An interesting tidbit is that the piece of music actually is heard in the announcement trailer for the Halo Master Chief Collection. That’s because I had originally written it for Halo: Spartan Assault but it didn’t quite work. When I was working on Spartan Assault I wasn’t thinking of it as a mobile game and I was trying to come up with amazing epic themes. This is one of those cases where you have this great theme but nowhere to put it, so we shelved it and it came back to life first in the announcement trailer for the Master Chief Collection and then it came back here. It’s one of those themes that is canon to Halo music now. It will probably and hopefully appear in the future as well.

The costs of the fight for survival: Finding the right theme for Dr. Halsey

Then last but definitely not least there is the very important theme for Dr. Halsey, her being a pivotal figure in the whole story. In The Fall of Reach we see her laying eyes on John-117 for the first time and as Tom put it, “we get a rare glimpse of her human side; to the point where she almost regrets her decision to sacrifice these young lives.” This inner struggle inside her is very obvious in the SDCC Trailer for The Fall of Reach.

Here’s what Tom told me about Dr. Halsey’s theme and its first appearance in More Than Luck:

Dr. Halsey’s theme sprinkles through certain key moments: It shows up the first time as a little tender piano piece right when she kneels down to the 6-year-old John asking him for his name [More Than Luck]. You also hear it during the procedure, which is an unpleasant scene where they are showing the children who didn’t survive the Spartan II program on a table as they are dying; it’s just horrible and you hear Dr. Halsey’s regret afterwards. Then you hear it as well when she is first briefing the kids as they are walking into the amphitheatre but with French Horns in a more military approach. So there’s a lot of detail and thought that went into her theme throughout The Fall of Reach.

You can hear Dr. Halsey’s theme also in the beginning of ‘The Fall of Reach’:

An interesting side note Tom mentioned in the context of Dr. Halsey, giving him a better understanding of another connection in the Halo universe, was that Dr. Halsey’s brain was mapped to create Cortana, her artificial brain, “and in the film and in the games, the voice of Dr. Halsey is the voice of Cortana; she just sounds like an older woman.”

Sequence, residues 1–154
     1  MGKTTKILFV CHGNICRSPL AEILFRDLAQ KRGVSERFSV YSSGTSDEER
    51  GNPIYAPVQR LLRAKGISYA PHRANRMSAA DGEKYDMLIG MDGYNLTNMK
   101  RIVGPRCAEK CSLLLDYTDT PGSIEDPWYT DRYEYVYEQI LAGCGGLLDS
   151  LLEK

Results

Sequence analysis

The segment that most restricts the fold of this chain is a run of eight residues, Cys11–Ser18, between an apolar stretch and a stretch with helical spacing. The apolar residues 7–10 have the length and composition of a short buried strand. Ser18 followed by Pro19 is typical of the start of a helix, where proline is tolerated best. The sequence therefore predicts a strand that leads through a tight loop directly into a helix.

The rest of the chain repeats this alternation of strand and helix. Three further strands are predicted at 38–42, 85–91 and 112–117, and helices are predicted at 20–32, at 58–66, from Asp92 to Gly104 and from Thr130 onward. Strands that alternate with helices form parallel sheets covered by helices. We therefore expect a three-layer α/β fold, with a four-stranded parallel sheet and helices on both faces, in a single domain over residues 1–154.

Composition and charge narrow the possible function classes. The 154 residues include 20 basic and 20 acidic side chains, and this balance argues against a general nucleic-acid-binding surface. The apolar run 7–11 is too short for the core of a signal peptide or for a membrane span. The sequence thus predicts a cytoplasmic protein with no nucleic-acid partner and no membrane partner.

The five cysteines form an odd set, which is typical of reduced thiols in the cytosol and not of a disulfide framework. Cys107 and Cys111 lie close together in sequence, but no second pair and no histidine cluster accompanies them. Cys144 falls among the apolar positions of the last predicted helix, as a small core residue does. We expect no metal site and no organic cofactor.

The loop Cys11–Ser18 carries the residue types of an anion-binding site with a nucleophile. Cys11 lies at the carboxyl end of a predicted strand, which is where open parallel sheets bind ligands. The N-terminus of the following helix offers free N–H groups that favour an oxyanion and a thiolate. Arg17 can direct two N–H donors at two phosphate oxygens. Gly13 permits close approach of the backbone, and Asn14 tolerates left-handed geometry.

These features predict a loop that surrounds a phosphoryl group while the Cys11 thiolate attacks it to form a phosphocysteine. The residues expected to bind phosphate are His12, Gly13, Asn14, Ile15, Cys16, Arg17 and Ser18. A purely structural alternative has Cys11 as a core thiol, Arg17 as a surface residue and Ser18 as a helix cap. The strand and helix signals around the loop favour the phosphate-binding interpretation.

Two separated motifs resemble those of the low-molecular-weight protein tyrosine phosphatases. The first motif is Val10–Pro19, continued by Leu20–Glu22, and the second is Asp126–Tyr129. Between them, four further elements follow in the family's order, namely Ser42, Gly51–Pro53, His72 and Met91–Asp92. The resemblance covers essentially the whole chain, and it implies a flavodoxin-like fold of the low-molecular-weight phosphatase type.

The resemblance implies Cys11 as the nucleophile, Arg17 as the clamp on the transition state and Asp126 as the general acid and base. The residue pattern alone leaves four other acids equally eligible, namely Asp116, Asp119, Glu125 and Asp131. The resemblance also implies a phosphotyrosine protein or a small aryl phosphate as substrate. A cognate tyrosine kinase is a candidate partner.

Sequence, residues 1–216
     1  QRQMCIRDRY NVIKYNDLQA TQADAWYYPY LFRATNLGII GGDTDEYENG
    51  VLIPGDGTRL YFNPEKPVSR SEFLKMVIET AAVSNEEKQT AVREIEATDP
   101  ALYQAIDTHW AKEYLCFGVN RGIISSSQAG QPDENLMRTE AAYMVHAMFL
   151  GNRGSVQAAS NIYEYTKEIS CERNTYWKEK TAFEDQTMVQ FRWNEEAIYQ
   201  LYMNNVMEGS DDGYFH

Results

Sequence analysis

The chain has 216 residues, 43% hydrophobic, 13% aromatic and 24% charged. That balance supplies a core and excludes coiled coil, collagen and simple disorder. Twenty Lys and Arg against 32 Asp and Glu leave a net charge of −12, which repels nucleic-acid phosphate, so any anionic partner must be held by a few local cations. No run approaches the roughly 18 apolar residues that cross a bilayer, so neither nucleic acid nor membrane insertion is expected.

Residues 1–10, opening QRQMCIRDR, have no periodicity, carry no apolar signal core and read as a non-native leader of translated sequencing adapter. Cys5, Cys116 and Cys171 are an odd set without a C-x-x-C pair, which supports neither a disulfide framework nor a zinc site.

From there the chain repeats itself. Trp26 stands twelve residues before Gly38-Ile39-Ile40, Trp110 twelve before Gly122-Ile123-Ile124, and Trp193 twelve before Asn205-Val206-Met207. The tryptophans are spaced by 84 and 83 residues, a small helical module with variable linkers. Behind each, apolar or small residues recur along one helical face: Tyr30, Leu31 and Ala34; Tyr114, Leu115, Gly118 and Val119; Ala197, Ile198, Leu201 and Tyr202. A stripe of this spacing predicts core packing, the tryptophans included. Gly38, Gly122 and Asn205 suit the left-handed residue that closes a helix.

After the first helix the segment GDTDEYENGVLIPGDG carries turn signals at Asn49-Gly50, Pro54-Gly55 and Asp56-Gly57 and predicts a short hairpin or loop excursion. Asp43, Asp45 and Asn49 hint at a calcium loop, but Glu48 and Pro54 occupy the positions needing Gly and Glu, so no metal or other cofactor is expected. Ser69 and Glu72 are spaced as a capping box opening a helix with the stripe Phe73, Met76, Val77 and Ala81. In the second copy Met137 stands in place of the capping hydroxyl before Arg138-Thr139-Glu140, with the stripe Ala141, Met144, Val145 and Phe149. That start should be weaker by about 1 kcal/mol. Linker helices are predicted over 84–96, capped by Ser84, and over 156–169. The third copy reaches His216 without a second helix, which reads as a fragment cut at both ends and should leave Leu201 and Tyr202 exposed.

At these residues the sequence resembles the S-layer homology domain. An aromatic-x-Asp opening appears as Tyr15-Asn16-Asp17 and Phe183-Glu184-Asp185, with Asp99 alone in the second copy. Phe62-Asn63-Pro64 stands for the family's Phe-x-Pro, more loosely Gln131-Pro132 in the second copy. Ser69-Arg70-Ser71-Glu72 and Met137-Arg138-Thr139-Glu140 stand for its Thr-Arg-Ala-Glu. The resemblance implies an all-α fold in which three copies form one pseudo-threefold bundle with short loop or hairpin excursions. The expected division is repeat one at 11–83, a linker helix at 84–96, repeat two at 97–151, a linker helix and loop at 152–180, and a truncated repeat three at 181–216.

When Tom was playing Dr. Halsey’s theme on his piano, he realized how the melody fit perfectly to be turned into a song. The result was the wonderful Take This Life featuring singer Jillian Aversa. There is so much to say about this song, including the fact that franchise director Frank O’Connor got involved through providing the lyrics, that you will read about it in a separate article. Furthermore you will soon read more about Tom’s songwriting background and how he turned his career around in the early 2000s from making records in the music industry to the film/TV/video game composer he is today.

Tom is working on Killer Instinct Season 3 at moment together with Celldweller as he was able to reveal to me so you should definitely follow him on Facebook and Twitter as well as you should check back on his website every now and then. You can purchase The Fall of Reach together with Halo 5: Guardians Limited Edition as well as it is available on the Halo Waypoint Channel and on Blu-ray. The Soundtrack is available on iTunes and Spotify.

Posted by Peter F. Ebbinghaus

Based in Berlin, Germany. Co-Founder & Editor-in-Chief. Music Producer at Eon Sounds Productions. Founder of Composers for Relief. Keeps Moving.